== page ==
The other day I heard the familiar sound of a House Wren returning from the south and claiming his territory. He check out a few of the bird houses on my property and then perched in nearby trees to sings its song. They are loud and charismatic birds.

I watched one check out at least two houses on my property. To my knowledge, he didn’t pick either one. He didn’t even pick one to start a “dummy nest,” whereby to fool predators that may be watching the put a few sticks in house.

Oh well, there’s still time. Not every House Wren has picked its spot yet.

A House Wren sings in a tree during the nesting season 2016.

A House Wren sings in a tree during the nesting season 2016.

A House Wren sings in a tree during the nesting season 2016.

A House Wren sings in a tree during the nesting season 2016.

For the Birds Column: Difference between Snowy and Great Egrets

Photo by Chris Bosak A Snowy Egret looks for food in Norwalk Harbor.

Photo by Chris Bosak
A Snowy Egret looks for food in Norwalk Harbor.

Here’s my latest For the Birds column, which describes the differences between Snowy Egrets and Great Egrets. For the Birds runs each week in the daily newspapers of Norwalk, Conn., and Keene, N.H. If you are out of those areas, tell your local newspaper about For the Birds and perhaps the column can get up and running there, too.

Here’s the column:

There are not many birds out there that have feet a different color than their legs.

From the top of their legs to the bottom of their “toes,” most birds are uniform in color. With many birds, such as songbirds and small shorebirds, the topic is fairly insignificant because their legs and feet are so small and rarely seen Continue reading

It’s that time of year again. Warblers abound.

Photo by Chris Bosak A Prairie Warbler perches in a tree at Selleck's/Dunlap Woods on May 5, 2014.

Photo by Chris Bosak
A Prairie Warbler perches in a tree at Selleck’s/Dunlap Woods on May 5, 2014.

I took a quick walk before work this morning. As usual, I was running behind getting my third-grader to school, so I had only about 15 minutes for this walk. But it was enough to know that we are in what many birders consider the most exciting two weeks of the year. The warbler migration started with a trickle a few weeks ago in New England. Based on what I saw on my quick walk this morning, the warbler season is picking up fast. A Prairie Warbler was the first bird I saw — not a bad start to a walk. A few Yellow Warblers darted here and there, too. Yellow Warblers nest at Selleck’s Woods, so hopefully they are looking to set up shop for the summer.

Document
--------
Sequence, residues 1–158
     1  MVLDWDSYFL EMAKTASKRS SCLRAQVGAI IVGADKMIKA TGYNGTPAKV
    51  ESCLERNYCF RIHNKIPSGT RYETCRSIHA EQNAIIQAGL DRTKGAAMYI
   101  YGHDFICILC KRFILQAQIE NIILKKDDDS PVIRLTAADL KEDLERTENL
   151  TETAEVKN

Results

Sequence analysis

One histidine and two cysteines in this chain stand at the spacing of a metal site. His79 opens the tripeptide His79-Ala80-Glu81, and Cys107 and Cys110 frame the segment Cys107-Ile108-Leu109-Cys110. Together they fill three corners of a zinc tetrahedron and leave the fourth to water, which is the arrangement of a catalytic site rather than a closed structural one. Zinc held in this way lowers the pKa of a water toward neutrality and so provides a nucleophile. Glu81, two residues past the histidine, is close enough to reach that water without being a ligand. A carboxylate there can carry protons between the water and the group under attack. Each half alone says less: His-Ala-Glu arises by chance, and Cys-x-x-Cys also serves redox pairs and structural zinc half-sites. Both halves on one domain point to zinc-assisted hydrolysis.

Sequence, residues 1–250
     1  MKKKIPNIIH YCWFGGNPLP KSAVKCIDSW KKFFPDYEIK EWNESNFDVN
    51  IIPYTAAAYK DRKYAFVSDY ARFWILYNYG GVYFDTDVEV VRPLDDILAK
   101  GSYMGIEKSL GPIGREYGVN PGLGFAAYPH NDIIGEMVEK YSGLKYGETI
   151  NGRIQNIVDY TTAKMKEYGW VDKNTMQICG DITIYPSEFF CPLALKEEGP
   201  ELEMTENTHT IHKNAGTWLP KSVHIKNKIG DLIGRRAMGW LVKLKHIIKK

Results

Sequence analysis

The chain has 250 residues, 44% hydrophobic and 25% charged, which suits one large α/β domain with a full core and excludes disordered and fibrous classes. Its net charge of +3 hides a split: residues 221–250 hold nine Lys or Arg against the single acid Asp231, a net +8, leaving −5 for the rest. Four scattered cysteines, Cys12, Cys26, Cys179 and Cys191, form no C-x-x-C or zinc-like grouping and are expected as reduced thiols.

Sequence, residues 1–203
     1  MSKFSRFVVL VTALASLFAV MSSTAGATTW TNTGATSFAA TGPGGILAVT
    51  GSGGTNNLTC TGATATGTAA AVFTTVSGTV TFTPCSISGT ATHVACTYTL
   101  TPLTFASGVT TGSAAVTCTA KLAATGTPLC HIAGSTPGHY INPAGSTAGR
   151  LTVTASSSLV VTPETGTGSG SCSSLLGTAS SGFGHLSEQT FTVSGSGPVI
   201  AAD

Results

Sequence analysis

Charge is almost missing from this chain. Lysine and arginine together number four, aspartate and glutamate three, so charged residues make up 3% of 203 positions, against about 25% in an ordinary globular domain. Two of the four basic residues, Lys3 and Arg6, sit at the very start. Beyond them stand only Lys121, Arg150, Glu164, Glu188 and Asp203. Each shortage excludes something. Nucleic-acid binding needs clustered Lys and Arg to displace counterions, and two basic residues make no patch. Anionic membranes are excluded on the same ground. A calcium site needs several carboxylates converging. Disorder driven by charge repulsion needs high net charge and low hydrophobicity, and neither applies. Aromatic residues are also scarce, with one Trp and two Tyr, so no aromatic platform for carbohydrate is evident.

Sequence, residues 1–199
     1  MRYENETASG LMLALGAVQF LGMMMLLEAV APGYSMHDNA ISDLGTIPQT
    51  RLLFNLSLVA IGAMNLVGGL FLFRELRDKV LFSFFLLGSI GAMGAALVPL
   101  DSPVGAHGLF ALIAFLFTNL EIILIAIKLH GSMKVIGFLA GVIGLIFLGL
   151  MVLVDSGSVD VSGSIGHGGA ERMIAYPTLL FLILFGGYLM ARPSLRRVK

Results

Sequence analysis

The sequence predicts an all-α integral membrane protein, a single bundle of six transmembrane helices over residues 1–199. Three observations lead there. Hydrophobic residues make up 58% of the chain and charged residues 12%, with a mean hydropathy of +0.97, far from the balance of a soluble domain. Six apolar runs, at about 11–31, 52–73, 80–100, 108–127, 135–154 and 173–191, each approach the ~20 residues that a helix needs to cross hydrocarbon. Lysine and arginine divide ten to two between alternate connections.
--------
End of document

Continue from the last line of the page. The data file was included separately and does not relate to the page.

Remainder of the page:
The walk included a few other warbler species as well as the sounds of other colorful songbirds, such as Baltimore Orioles and Blue-gray Gnatcatchers. It’s a great time to be out there. Let me know what you are seeing.

Here’s a post from last year featuring some of the warblers you may see out there this time of year. Click here.

A few more Osprey photos

Photo by Chrisi Bosak An Osprey flies into its nest with nesting material at Veterans Park in Norwalk, Conn., April 29, 2015.

Photo by Chrisi Bosak
An Osprey flies into its nest with nesting material at Veterans Park in Norwalk, Conn., April 29, 2015.

Here are a few more photos of the new Osprey nest at Veterans Park in Norwalk, Conn. See previous post for more information about the nest and its Continue reading

Long-tailed Ducks in transition

Photo by Chris Bosak A pair of Long-tailed Ducks in transition plumage swims in Long Island Sound, April 2015.

Photo by Chris Bosak
A pair of Long-tailed Ducks in transition plumage swims in Long Island Sound, April 2015.

Here’s a shot of a pair of Long-tailed Ducks transitioning from their mostly white winter plumage to their mostly dark summer plumage. Some birds looks the same year-round and some birds look different in the summer and winter. Most ducks (but not all) go through a few different plumages as the year goes on.

These Long-tailed Ducks (formerly Oldsquaw) will be heading to their Arctic breeding grounds soon. When they are along coastal New England in the winter, we see their white plumage. It’s one of the few birds, in my opinion anyway, that look more decorated in the winter than in the summer. Take the Common Loon for instance. It sports its famous black-and-white spotted plumage in the summer, but changes to a much more drab grayish plumage in the winter.

We are lucky to have many Arctic nesters spend their winters in New England. It’s interesting to see their plumage transitions, giving us a glimpse of what they look like when they are “up north.”